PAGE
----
Parker was a conman’s conman. His exploits were so outrageous as to defy belief. And yet his cons worked like a charm. He had an uncanny instinct for drawing gullible investors with what would seem like obviously crackpot ideas. He sold the Brooklyn Bridge on a regular basis for years. He seemed to enjoy targeting well-known landmarks during his career. Some of his best “sales” came from conning marks into buying Grant’s Tomb, Madison Square Garden, and the Statue of Liberty, as well as other well-known American iconic locations. His audacity led to the commonly used phrase, “And if ya believe that, I’ve got a bridge to sell ya.” Considered one of the best “hoaxers” of all time, he died in prison, quite popular with his fellow inmates who enjoyed his tales of unbelievable scams.




Soapy Smith was the master of the shill game. By promising something and delivering nothing he helped perfect the art of the street corner con. His signature con was selling bars of soap on a street corner, waiting until a crowd had gathered, and then making a show of wrapping a couple of bars with hundred dollar bills inside. Using a “plant” to find the first bill, he would then use sleight of hand to remove the remaining bill, as the crowd was worked into a frenzy paying for a bar of soap that “might” have the lucky bill in it. At times the crowd grew so rowdy he would auction off the bars of soap to the money-hungry crowd. Though he was a master of manipulation, his shady ways eventually caught up with him. Soapy was shot to death, by a group he tried to swindle while playing cards.



BORN 1959

Hogue’s specialty in the con world was the burgeoning art of identity theft. While certainly not the first to try this con, he was certainly one of the most persistent. Using the identity of dead infants he slowly worked his way up the ladder. First, he attended Palo Alto High School using the birth information of a child who would have been sixteen years of age. This is while Hogue was actually eleven years older than his claimed identity. You’d think that might have made him stick out. But he had such an affable nature and favored the status of “orphan” that most people simply took him at his word. Emboldened by the ease of his first con, Hogue applied and was accepted to Princeton University posing as a self-educated orphan. He was accepted, granted financial aid, and even made the track team and joined the Ivy Club. Eventually exposed, Hogue spent a short stint in the slammer but made headlines again shortly after by working for Harvard University as a security guard. It was only after numerous valuables from Harvard’s museum turned up missing that his fake identity became known. Using his charm he pleaded down to all the charges and only received a ten-year sentence.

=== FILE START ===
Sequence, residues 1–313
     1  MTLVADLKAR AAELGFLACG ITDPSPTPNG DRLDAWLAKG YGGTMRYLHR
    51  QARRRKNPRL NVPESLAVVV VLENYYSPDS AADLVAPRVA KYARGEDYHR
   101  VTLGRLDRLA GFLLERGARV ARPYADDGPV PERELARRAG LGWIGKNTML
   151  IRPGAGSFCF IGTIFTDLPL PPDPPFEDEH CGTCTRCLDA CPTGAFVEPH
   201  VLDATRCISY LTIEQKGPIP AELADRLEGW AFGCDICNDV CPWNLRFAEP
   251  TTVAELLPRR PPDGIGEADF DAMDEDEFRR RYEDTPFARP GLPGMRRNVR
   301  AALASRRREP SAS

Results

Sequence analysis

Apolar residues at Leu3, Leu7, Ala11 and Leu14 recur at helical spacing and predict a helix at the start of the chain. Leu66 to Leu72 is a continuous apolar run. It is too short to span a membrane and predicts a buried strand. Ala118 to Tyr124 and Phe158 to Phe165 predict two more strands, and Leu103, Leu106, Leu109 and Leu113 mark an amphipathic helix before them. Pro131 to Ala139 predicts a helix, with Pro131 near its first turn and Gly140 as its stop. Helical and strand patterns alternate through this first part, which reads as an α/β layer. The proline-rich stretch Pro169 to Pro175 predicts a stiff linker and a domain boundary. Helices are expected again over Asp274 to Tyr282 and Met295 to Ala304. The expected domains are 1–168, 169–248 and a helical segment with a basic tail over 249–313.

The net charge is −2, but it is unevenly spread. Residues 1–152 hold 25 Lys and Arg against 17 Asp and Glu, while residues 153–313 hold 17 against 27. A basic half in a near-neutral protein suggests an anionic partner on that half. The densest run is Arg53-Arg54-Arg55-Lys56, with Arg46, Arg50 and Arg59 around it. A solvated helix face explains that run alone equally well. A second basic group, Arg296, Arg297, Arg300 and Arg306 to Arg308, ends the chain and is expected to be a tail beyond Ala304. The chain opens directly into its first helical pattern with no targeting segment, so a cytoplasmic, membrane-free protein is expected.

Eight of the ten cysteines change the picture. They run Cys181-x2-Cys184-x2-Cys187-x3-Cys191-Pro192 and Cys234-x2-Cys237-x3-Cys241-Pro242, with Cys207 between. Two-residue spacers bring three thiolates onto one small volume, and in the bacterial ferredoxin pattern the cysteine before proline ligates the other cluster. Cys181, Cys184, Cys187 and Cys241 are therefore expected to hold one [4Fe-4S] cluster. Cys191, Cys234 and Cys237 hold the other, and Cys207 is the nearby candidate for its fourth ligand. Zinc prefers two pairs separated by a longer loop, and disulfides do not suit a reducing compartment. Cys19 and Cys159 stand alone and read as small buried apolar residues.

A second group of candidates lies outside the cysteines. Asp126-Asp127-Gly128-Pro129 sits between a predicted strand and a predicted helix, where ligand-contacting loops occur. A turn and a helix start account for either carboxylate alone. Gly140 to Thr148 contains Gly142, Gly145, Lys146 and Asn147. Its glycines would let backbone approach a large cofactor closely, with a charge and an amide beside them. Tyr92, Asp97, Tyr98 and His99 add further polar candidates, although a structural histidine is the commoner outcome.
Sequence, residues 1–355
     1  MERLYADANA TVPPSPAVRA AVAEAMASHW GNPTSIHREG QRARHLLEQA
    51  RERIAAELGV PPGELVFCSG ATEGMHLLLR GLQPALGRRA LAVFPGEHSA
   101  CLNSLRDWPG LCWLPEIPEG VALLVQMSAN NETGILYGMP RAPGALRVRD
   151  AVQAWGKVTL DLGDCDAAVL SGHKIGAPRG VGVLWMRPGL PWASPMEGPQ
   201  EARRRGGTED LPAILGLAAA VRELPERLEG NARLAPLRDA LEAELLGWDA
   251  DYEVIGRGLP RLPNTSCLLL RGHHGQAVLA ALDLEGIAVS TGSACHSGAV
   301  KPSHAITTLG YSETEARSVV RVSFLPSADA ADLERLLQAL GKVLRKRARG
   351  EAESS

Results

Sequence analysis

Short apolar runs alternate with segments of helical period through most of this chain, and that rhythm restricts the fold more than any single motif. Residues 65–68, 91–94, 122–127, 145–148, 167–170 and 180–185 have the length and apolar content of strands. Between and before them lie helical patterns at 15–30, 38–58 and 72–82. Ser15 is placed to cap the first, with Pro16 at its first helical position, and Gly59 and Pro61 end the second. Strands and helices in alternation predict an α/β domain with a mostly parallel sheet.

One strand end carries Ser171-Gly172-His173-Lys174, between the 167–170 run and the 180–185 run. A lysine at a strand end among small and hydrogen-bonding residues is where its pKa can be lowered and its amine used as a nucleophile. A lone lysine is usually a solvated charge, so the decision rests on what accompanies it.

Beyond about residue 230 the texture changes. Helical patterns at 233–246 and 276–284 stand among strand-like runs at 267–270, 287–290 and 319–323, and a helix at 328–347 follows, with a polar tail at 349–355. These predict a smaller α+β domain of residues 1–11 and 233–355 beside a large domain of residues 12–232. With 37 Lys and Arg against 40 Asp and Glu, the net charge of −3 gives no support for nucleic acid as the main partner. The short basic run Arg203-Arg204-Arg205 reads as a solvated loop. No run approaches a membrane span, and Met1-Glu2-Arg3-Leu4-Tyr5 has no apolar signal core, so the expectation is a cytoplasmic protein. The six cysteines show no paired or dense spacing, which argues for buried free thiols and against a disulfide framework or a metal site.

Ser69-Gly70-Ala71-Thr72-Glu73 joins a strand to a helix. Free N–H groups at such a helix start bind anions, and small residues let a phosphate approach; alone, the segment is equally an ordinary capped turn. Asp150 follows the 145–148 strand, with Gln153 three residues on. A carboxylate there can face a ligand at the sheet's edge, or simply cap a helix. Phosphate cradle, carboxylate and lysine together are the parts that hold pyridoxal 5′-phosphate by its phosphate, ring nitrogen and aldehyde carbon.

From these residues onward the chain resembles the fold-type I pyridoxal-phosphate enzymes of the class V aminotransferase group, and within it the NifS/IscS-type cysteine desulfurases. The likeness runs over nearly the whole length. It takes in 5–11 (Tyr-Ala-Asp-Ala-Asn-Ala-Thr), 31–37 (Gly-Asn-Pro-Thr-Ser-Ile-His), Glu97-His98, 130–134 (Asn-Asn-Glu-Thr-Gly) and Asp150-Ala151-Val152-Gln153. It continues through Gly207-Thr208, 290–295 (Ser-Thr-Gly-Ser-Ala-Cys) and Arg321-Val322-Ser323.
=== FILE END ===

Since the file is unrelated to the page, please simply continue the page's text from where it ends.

Bernard Cornfeld is considered one of the most dangerous forms of conmen: the conman in the business suit. A natural salesman, he used loopholes in his businesses to make himself a robber baron on a worldwide stage. He utilized loopholes in the laws of different countries and strategically placed his businesses close to borders in case of the need to make a mad dash to a more loophole-friendly environment. While making large profits for his biggest investors, Bernard became emboldened and felt untouchable. With an estimated personal fortune of over a hundred million dollars, Bernard couldn’t resist skimming off the top of monies due to his employees. He was charged by Swiss authorities with fraud and spent less than a year in jail. He then returned to Beverly Hills and lived a very comfortable life for the next two decades before dying of a cerebral aneurysm. Men like Bernard Cornfeld led the way for a wave of similar conmen who hid behind a business suit and put their own megalomaniacal egos above all else in the pursuit of power. We owe his business model for Club Fed being populated by the likes of men such as Bernard Madoff.